After three heavy reading posts in a row – it’s time for something dreamier, lighter, more inspiring don’t you think? That is, it’s almost the end of January and I’m thinking about the garden again.
Though it’s hard to imagine when I look at the yard right now – sodden, muddy and partially frozen mess that it is – in only a few short months the signs of spring will be upon it, followed by the abundance of summer. Winter gardening, I’m convinced, is not appropriate for my backyard since its north-facing – though I’m curious to see if my winter veggies – brussels sprouts and broccoli – in the front yard take shape in the spring before the leaves come back on the trees and shade it all in again. They are still alive at least, and the plants look relatively healthy. I also have a single broccoli in the back which *is* still alive.
Already my garlic are peeking through, little green shoots of promise that they are every winter….. though it’s a long way off before anything else is going to go in given the very wet winter we are still having!
A first priority this year is going to be to finish the front yard. I’m actually considering getting some hardscaping done in the form of a front-fence/gate just to give our yard a little structure, though leaving the sides open and landscaping them instead of installing fencing. We’ll see how afforadable (or not) that ends up being. Other than that we’re going to keep mulching the lawn and installing perennials (food and decorative) as the finances allow.
In the food garden out back, on the first dry-ish day that allows it, I will be heading out to get compost and mushroom manure for the boxes which all need a top-up. To lighten up the soil, I think coir will be my choice, and I’m going to put a load of sand into at least one of my boxes to make a good carrot bed for a change. Last year I made the mistake of skimping on re-nutrifying my boxes and that lead to less than stellar yields – especially in the greens box which doesn’t get a ton of sun to start with.
In planning for the upcoming year, I like to think of what my favourite things from the last growing season were. Fortunately, I take lots of photos of the garden in progress which makes it easy to remember most of what went on!
Best things about the last growing season:
- The Bean Tunnel: At the edge of two boxes I erected bamboo poles and grew beans up them – which turned out an incredible crop and the tunnel (vs. the traditional teepee) was easy to get inside and pick from. I’ll be changing the location of the tunnel this year for crop rotation purposes, but otherwise pursuing the same strategy.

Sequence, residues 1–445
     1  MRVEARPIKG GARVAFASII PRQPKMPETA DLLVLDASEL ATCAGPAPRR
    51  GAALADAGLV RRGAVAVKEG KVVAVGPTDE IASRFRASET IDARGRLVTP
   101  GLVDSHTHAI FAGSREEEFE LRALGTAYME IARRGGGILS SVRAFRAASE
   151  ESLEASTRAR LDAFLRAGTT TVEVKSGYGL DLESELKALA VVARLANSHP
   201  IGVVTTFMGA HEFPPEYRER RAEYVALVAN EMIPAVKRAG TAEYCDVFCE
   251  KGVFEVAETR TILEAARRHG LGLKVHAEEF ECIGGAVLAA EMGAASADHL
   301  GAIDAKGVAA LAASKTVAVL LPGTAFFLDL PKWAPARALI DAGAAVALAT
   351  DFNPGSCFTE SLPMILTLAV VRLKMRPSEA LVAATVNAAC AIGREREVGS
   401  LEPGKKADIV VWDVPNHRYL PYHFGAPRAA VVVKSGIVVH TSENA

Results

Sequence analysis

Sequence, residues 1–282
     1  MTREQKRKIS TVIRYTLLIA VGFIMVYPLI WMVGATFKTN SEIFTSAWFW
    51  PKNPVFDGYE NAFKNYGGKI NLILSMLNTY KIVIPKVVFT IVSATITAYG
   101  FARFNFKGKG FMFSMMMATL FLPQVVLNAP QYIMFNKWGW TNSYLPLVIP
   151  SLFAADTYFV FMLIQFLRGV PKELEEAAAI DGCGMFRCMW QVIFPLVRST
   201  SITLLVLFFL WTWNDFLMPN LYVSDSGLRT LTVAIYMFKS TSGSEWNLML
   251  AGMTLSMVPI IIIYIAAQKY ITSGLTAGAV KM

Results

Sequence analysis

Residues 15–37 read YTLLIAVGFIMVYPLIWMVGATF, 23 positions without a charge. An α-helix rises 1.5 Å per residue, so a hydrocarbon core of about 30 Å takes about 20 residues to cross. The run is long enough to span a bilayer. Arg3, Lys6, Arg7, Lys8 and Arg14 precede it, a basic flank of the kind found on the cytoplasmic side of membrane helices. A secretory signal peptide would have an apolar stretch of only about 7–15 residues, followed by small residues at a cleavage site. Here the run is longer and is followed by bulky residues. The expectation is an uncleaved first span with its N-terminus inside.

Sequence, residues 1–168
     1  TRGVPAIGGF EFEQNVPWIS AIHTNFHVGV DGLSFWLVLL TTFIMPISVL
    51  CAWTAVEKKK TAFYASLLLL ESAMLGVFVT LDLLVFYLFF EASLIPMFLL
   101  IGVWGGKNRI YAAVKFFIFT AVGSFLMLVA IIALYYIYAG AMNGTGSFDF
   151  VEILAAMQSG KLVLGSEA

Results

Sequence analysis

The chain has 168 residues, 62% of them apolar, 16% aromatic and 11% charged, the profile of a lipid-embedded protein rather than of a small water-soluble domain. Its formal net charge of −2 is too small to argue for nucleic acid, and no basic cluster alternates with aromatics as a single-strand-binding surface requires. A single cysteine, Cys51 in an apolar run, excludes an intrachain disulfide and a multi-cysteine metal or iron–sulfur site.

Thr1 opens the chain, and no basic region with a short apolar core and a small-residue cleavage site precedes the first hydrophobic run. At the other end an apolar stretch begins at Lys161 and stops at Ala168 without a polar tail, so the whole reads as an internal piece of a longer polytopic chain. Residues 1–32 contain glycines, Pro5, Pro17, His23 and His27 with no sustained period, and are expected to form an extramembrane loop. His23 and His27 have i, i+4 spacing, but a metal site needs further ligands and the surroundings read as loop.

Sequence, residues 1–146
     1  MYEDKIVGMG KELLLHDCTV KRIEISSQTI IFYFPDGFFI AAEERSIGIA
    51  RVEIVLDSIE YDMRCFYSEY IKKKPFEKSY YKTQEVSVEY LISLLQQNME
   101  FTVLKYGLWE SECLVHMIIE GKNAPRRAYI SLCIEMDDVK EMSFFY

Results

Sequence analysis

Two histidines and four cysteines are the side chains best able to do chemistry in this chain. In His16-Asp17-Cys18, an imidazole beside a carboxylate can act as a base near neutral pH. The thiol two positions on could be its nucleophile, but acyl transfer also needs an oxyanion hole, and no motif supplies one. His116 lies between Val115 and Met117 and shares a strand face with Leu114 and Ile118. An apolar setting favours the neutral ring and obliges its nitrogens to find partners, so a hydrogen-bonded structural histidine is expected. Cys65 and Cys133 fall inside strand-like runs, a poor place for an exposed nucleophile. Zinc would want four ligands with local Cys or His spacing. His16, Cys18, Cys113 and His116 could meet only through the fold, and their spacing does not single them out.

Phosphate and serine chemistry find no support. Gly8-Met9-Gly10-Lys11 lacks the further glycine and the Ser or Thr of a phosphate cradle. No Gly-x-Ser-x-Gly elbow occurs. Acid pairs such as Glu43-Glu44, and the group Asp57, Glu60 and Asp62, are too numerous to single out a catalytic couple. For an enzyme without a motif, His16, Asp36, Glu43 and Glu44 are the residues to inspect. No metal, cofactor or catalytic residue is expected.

- The Garlic: This is just the easiest thing in the world to grow and I had a stellar crop last year. Not ony did I get lots of scapes during the growing season, but I still have lots of bulbs in my larder from the July harvest.
- The Cauliflower: I only put a couple of these babies in because of space considerations, but it turns out my yard has perfect cauliflower (and cabbage) conditions. I am going to eschew some other plants in favour of more cauliflower this year. And the same amoung of cabbage as last year.
- Berries! Both the blueberries and raspberries produced prodigiously last summer (one of my raspberry plants produces right into November). I planted some more bushes at the end of the season along with two plum trees and am looking forward to more fruits from the garden this year.
- Dahlias: Last year was my first dahlia year, and while I didn’t successfully save the tubers – I am prepared to re-invest in some this year and work harder at keeping them over the winter. I loved having such incredible flowers late in the summer and look forward to more this year.
Worst performers last season:
- Tomatoes and tomatillos: Not only do I have a cool-ish backyard, by the end of August (when these things are ripening) there is a lot less daylight back there once the sun shifts. I’m going to stick to container gardening a couple of tomato plants this year and otherwise forget about the hot weather crops unless the spring makes for a promising summer. Last year was late and cold, and I could have used the space better.
- Summer Squash: I get excellent summer squash yields but they tend to get powdery mildew and blossom end-rot which I suspect is from overcrowding. Perhaps this year I will only plant two summer squashes, far apart from each other and super-fertilize for better yield. Or I might find a climbing variety and a bush variety in order to rearrange my space use.
- Potatoes: My potato yield hasn’t been great for all the work that goes into the bags (I grow them in burlap sacks). We’re not big potato eaters anyway, so I’m not sure if I’ll bother with them this year at all.
Things I would like to grow some or more of:
- Snow peas: Every year I forget to buy snow peas for planting even though I have a trellis for peas. Not this year!
- Fava beans: I know they aren’t a big producer and they get aphidy – but I love them anyway and I missed them last year when I didn’t plant any.
- Winter squash: I skimped on planting location for these last year and got nothing as a result. But I *love* winter squash, so I’m thinking I might build a little box along the back fence this year in which to put a couple spaghetti squash plants and the scarlet runner beans.
All in all I’m planning for: snap peas, snow peas, carrots, beets, fennel bulb, cabbage, greens, pole beans, summer squash, winter squash, fava beans, scarlet runners, cauliflower, leeks, slicing cucumbers and radishes. The garlic, rhubarb and berries are already well in hand. Not to mention my plum trees which should at least come into leaf this spring.
Just writing this I feel the joy of spring coming on me and also forseeing the need to set some cash aside to pay for it all! But it’s all for the glory of having a productive and beautified outdoor space, and if I start now, I can spread the spending out over several months…..